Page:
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Killer Diller

3.55 of 5 stars 3.55  ·  rating details  ·  590 ratings  ·  31 reviews
"Wonderful...Clyde Edgerton tells us another of his lovely tall tales."


Listre, North Carolina, is jumping. The Sears twins, Ted and Ned, who run a Baptist college, have opened Nutrition House for overweight Christians. Meanwhile their Project Promise is busy matching the educationally disadvantaged with wayward youth who want to share their tal
Paperback, 272 pages
Published October 14th 1996 by Ballantine Books (first published 1991)
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This story was based on my alma mater. Classic stuff if you know the University.
Sally Moore
What I love about Edgerton's writing is his ability to describe what his characters are thinking in the littlest ways. His characters are real. They are trying to do the best they can. The humor comes from the realistic collision between the character and his world. Walking Across Egypt is still my favorite of his books. I did not pick up on this being a sequel like other reviewers have mentioned. This is a nice, light read which I enjoyed.
I was really looking forward to seeing what happened to the characters from Walking Across Egypt. However, this book ended up seeming just a bit too strange. I have mixed feelings about this one!

My first exposure to Clyde Edgerton and I'll definitely be back for more. Set at around a Baptist College in Summerlin, NC, this small but darkly hilarious book tells the story of a young man trying to do the right thing in life and the interesting cast of friends he surrounds himself with. Edgerton a NC native captures the area perfectly in all it's goodness and badness.I honestly can't say too much more without spoiling the story but it is an enjoyable and page turning read.
David Ward
Killer Diller by Clyde Egerton (Ballantine 1981) (Fiction – Mystery). This is set in the small fictional town of Lister, North Carolina. The brothers who run the Baptist College have just opened a Christian weight loss center called “Redemption House” before the business plan was so rudely interrupted. My rating: 7/10, finished 1984.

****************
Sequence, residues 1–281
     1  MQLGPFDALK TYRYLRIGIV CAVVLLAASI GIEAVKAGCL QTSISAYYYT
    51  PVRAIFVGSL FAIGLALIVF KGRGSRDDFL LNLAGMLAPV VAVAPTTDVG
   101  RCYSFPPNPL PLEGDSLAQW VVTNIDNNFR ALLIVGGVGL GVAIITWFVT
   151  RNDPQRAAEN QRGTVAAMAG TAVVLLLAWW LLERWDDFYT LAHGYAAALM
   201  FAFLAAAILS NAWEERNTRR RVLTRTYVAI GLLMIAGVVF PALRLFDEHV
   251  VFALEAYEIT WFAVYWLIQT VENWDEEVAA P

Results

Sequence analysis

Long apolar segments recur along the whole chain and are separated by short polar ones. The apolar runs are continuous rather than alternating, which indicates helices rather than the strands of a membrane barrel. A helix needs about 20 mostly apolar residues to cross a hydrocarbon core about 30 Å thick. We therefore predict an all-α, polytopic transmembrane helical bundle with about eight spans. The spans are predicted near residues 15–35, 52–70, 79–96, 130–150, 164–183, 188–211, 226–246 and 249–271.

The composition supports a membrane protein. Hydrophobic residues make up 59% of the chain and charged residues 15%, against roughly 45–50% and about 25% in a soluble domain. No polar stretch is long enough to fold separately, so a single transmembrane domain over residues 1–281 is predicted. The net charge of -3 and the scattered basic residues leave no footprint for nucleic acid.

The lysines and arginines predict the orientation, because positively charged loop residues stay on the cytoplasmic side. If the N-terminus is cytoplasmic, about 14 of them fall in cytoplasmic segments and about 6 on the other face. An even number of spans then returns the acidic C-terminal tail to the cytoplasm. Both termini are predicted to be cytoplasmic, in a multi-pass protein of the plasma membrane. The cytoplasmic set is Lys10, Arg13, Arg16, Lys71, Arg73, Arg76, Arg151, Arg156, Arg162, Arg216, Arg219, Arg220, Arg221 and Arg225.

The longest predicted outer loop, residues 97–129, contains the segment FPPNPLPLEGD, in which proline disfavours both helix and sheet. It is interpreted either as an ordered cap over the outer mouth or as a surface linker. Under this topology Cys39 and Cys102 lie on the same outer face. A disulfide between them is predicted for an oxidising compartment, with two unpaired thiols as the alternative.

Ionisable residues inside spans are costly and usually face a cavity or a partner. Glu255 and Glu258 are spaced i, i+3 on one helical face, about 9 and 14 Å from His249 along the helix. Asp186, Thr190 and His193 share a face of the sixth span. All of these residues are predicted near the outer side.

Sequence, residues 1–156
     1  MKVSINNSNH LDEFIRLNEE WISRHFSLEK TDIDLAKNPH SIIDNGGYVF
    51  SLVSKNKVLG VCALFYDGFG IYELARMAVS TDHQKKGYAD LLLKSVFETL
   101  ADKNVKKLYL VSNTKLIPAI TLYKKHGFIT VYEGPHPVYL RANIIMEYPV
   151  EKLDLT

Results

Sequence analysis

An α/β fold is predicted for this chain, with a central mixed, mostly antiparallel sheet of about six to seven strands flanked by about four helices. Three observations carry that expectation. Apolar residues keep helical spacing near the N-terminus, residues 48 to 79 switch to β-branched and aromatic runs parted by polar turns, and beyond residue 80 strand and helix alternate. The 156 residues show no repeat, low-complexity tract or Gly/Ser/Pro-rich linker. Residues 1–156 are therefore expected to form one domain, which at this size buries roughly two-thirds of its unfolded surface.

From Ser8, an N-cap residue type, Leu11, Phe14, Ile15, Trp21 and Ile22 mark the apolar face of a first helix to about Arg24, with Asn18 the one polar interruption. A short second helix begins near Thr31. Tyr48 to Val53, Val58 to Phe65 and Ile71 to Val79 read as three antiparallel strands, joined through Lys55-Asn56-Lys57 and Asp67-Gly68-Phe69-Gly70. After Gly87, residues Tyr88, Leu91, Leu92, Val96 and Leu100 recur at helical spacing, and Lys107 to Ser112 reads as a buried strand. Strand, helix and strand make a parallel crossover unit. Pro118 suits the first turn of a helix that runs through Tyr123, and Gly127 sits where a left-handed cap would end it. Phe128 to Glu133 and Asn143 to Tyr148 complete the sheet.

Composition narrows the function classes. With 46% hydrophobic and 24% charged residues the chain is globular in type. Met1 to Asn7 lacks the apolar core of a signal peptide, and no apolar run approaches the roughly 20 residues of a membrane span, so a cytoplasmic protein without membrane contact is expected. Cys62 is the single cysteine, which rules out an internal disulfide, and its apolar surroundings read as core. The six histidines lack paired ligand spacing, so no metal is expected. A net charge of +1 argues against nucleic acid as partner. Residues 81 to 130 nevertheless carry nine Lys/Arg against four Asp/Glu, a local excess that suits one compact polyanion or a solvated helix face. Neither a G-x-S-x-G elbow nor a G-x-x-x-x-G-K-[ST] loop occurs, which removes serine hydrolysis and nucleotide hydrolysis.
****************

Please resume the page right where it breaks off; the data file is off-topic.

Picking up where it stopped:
I usually really like this author's books. This one was a little different. I couldn't get into the plot and the characters were too simplistic and one dimensional. Previous books included some humor, especially with some of his older characters. There is an older character in this book, but she did not play a very big part in the plot.
Jun 04, 2009 Angela rated it 3 of 5 stars
Recommends it for: Edgerton fans.
Recommended to Angela by: Nobody...just read some of Edgertons reviews.
Shelves: novel
I enjoyed this book up until the end. It was an enduring, funny story with previous characters "Grandma" & Wesley returning. However I was disappointed with the ending. I found it left me with many unanswered questions. It just felt incomplete. Kind of like Edgerton forgot to write an ending. Just no closure.
A fun, light read, written by an excellent storyteller. A good book to read if you need to smile. I felt like I was sitting with my Grandpa, listening to him spin a yarn. Edgerton did a great job of creating fun characters without making fun of them. Well, without making fun of the good ones.